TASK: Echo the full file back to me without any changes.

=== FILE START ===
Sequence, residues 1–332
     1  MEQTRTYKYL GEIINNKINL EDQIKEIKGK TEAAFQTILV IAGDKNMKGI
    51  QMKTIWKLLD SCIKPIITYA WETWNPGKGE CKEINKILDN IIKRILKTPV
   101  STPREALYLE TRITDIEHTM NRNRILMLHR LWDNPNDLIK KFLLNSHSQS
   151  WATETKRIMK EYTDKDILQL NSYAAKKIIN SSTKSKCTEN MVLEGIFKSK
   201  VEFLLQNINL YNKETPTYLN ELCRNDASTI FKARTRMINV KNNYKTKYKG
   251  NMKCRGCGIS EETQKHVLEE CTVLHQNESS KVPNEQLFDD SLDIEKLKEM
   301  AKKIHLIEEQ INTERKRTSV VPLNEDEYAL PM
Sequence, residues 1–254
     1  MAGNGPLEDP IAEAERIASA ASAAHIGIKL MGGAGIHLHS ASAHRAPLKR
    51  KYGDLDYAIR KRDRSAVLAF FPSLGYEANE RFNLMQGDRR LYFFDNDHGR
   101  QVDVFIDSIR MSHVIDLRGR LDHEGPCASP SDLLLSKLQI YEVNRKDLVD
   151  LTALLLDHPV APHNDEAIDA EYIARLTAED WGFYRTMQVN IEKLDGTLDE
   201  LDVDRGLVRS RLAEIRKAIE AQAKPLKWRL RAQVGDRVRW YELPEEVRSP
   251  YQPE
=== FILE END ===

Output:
Sequence, residues 1–332
     1  MEQTRTYKYL GEIINNKINL EDQIKEIKGK TEAAFQTILV IAGDKNMKGI
    51  QMKTIWKLLD SCIKPIITYA WETWNPGKGE CKEINKILDN IIKRILKTPV
   101  STPREALYLE TRITDIEHTM NRNRILMLHR LWDNPNDLIK KFLLNSHSQS
   151  WATETKRIMK EYTDKDILQL NSYAAKKIIN SSTKSKCTEN MVLEGIFKSK
   201  VEFLLQNINL YNKETPTYLN ELCRNDASTI FKARTRMINV KNNYKTKYKG
   251  NMKCRGCGIS EETQKHVLEE CTVLHQNESS KVPNEQLFDD SLDIEKLKEM
   301  AKKIHLIEEQ INTERKRTSV VPLNEDEYAL PM
Sequence, residues 1–254
     1  MAGNGPLEDP IAEAERIASA ASAAHIGIKL MGGAGIHLHS ASAHRAPLKR
    51  KYGDLDYAIR KRDRSAVLAF FPSLGYEANE RFNLMQGDRR LYFFDNDHGR
   101  QVDVFIDSIR MSHVIDLRGR LDHEGPCASP SDLLLSKLQI YEVNRKDLVD
   151  LTALLLDHPV APHNDEAIDA EYIARLTAED WGFYRTMQVN IEKLDGTLDE
   201  LDVDRGLVRS RLAEIRKAIE AQAKPLKWRL RAQVGDRVRW YELPEEVRSP
   251  YQPE